This is the mail archive of the
mailing list for the binutils project.
Re: non-representable symbols in PE executables
On Mon, Jul 04, 2016 at 01:54:14AM -0600, Jan Beulich wrote:
> >>> On 04.07.16 at 04:11, <firstname.lastname@example.org> wrote:
> > On Tue, Jun 28, 2016 at 12:38:13AM -0600, Jan Beulich wrote:
> >> --- a/ld/ldexp.c
> >> +++ b/ld/ldexp.c
> >> @@ -1181,7 +1181,7 @@ exp_fold_tree_1 (etree_type *tree)
> >> h->type = bfd_link_hash_defined;
> >> h->u.def.value = expld.result.value;
> >> h->u.def.section = expld.result.section;
> >> - h->linker_def = 0;
> >> + h->linker_def = ! tree->assign.type.lineno;
> >> if (tree->type.node_class == etree_provide)
> >> tree->type.node_class = etree_provided;
> > linker_def is supposed to indicate that a symbol is a built-in define,
> > ie. defined somewhat magically by the linker rather than by an object
> > file, linker script, or on the command line.
> That's what the purpose of the changed logic is.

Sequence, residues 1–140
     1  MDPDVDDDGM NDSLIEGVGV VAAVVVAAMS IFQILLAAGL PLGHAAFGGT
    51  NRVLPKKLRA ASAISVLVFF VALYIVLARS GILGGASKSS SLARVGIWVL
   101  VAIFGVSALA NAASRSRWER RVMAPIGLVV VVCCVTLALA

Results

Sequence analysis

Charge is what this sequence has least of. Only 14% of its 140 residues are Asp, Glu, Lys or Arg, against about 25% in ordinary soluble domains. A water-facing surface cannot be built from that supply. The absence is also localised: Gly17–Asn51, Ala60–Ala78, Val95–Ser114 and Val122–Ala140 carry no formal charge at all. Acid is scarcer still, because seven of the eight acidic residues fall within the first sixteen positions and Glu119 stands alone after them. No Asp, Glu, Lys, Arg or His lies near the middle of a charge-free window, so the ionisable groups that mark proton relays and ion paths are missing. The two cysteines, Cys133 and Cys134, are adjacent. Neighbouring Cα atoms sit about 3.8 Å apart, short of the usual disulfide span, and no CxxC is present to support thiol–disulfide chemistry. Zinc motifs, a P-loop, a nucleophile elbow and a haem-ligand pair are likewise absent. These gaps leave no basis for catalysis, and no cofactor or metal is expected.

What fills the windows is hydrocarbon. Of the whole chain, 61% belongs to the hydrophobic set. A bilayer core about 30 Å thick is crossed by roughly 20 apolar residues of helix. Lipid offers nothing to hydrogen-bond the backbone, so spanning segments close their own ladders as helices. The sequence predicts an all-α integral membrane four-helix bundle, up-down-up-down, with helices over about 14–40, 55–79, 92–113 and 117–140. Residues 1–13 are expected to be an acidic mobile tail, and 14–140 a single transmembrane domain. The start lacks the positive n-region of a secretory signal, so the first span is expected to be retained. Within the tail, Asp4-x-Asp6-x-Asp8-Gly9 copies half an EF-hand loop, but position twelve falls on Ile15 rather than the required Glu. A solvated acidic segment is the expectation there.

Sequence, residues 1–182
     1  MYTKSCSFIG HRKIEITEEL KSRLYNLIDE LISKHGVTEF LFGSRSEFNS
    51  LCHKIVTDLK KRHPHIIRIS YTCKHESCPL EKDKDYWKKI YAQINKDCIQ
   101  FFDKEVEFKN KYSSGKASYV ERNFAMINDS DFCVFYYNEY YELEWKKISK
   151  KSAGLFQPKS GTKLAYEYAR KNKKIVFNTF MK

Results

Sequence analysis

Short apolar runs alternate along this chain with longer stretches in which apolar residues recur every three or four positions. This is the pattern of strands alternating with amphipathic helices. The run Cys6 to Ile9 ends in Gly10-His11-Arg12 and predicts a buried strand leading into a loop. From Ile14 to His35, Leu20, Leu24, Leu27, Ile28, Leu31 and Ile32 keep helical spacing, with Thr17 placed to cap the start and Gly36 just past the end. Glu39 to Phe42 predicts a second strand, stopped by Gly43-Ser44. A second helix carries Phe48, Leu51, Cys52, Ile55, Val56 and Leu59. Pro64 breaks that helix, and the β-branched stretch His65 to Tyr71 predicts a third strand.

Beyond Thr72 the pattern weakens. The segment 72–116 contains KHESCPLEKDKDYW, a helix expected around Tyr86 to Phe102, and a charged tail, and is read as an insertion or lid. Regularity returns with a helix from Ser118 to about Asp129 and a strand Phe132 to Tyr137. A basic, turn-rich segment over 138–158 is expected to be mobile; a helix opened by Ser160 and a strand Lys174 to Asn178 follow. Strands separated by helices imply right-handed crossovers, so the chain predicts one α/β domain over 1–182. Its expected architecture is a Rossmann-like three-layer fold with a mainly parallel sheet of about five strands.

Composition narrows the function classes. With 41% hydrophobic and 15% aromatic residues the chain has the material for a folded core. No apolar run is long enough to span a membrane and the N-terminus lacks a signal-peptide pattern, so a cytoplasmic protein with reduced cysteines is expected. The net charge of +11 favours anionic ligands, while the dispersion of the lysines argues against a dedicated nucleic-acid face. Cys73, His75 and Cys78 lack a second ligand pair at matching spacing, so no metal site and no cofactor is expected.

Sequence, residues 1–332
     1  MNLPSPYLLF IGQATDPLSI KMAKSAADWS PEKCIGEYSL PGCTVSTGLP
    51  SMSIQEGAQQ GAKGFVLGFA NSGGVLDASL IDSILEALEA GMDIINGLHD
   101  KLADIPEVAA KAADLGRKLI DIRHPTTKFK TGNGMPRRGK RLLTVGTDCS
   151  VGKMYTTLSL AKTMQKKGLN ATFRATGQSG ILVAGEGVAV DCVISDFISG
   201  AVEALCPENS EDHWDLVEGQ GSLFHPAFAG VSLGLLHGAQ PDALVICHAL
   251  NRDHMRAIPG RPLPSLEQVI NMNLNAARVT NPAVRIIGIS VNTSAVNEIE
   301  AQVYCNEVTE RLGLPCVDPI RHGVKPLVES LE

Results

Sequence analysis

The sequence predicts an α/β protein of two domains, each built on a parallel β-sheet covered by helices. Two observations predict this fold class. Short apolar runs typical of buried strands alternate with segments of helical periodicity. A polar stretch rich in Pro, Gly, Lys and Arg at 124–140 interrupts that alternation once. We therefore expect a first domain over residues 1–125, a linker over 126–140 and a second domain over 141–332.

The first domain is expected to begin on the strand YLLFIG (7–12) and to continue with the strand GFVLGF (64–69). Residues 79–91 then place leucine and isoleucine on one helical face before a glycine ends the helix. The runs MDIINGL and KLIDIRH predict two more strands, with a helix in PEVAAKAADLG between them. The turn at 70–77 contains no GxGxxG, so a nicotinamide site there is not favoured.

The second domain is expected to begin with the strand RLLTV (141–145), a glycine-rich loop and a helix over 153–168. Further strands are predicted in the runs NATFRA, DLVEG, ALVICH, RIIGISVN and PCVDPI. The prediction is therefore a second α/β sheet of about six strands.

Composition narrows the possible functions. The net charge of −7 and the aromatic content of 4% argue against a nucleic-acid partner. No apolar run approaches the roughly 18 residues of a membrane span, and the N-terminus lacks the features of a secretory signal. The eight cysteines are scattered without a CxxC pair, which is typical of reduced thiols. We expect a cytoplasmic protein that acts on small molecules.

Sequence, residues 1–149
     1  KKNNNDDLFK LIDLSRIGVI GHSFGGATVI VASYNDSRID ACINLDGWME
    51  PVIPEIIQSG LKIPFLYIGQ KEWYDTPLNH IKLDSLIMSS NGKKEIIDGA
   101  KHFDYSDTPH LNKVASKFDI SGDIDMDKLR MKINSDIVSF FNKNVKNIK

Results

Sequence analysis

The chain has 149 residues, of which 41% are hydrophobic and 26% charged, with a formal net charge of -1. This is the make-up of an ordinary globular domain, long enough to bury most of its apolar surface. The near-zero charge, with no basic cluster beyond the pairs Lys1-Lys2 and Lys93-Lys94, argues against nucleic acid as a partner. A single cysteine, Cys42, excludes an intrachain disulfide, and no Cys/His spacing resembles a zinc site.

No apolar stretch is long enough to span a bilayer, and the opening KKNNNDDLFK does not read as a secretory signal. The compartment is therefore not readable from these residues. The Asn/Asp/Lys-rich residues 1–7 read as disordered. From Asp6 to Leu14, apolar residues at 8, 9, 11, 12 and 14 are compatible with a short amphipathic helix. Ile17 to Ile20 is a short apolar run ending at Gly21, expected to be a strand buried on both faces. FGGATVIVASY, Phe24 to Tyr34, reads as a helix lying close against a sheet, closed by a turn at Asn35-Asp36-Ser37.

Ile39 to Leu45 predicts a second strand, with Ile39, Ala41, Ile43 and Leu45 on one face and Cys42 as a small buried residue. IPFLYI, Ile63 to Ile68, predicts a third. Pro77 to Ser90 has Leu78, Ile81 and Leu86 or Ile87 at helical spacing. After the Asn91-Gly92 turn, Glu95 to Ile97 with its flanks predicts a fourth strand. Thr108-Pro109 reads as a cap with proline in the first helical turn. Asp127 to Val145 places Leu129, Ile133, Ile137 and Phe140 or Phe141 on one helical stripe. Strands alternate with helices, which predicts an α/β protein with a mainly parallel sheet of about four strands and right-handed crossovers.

> > Please convince me that
> > lineno is always non-zero when parsing a script or the command line,
> > and always zero otherwise. I'm particularly interested in what
> > happens on the first line of a script.
> Indeed that's something I did consider possibly needing an additional
> adjustment somewhere, after having sent the original mail. Yet both
> lex_push_file() and ldfile_open_command_file_1() already set lineno
> to 1, so I think we're covered.
Ah, that's what I needed to know to be convinced the patch is good.
I think you could commit the ldlex.l and ldexp.c change even if you
decide to not go ahead with the coff backend change.
> And the change to <<EOF>> in ldlex.l makes sure it's always zero
> afterwards. The only problem would by symbols the linker generates
> _while_ handling a script, but I think if such exist they would need to
> be handled on a case by case basis - current behavior for such
> symbols simply wouldn't change with the patch as is.
Australia Development Lab, IBM